Top of the Quilt II – Welcome, Autumn!

After making my first little patchwork art quilt with a jazzy, crazy color scheme, I decided to see what would happen if I took the same techniques to more subdued fall fabrics and colors.

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I’d like to know what you all think of the wonk-tastic shapes and lines with the more refined textures and colors of autumn. This is just the top, so it will look different once the hand-quilting has been done.   It’s about 11 3/4″ high by 11″ wide.   Almost a square this time.

For my next little quilt, it’s back to the beach, but this time with more subdued blues and greens, I think. We’ll see where the muse takes me. I hope this weekend brings you time to create, time to breathe in the fall scents, and time to spend with those you love most! Peace.

75 thoughts on “Top of the Quilt II – Welcome, Autumn!

  1. This is so beautifully done, Laura. I cannot believe all of this detail is in such a small square. I picture it being like 3 feet square :). I love the design and the patterns of the material are so fun and intricate and create such unity together. Beautifully done, Ms. Autumn! Bravo!

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    1. Thanks so much, Jodi! Question though – do you think the funky fabrics worked better with the wonky squares/strips? I like this one (and the colors are more me), but I feel like the wonkiness may work better with the bolder fabrics and colors. What you think?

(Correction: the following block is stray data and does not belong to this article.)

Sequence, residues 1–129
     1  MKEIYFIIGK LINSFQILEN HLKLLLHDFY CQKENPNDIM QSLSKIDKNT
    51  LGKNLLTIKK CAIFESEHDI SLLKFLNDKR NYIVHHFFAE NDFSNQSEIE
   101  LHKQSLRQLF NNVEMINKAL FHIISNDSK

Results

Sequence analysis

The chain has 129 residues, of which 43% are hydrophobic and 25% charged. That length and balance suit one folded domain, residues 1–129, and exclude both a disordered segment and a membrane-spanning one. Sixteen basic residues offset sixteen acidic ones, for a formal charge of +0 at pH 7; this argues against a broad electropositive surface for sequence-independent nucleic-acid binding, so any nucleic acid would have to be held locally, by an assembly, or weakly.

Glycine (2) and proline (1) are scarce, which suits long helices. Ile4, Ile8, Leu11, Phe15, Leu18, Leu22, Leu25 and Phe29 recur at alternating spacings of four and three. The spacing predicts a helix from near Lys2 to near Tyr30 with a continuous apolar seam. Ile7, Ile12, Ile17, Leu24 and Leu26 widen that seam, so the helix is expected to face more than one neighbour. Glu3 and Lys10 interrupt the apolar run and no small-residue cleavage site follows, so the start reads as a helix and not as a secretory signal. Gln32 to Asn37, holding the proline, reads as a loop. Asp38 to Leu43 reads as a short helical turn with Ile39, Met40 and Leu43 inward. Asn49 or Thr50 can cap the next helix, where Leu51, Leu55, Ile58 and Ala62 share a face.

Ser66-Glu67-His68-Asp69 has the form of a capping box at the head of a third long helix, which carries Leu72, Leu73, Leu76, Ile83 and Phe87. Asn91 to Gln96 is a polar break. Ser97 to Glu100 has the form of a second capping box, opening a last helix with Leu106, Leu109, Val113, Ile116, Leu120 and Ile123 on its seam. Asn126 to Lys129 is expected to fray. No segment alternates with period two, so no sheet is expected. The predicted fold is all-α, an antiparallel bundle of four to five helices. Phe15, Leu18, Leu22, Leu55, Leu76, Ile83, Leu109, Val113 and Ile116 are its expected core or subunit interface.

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  2. Hey Laura – think you are onto something very special with your little quilts!! Really like them! Only have two suggestions. Your major color choices are driven by your themes – beach, autumn, etc. You add interest with analogous, complements, etc. So, think about your palette choices and how you can add interest (depth, tension, harmony, etc.) with color combinations and relationships without compromising your theme. Here is a great resource: http://www.tigercolor.com/color-lab/color-theory/color-harmonies.htm. Also, when you are composing your work, think about values and how they support your design and theme. As you are arranging your design elements – in the above case – squares and rectangles – squint. When seen through half-closed eyes, do the values of your elements – and their placement and relationship to each other – work to support your design? Simply wonderful series you are exploring. Looking forward to seeing many more of these little gems. – Tom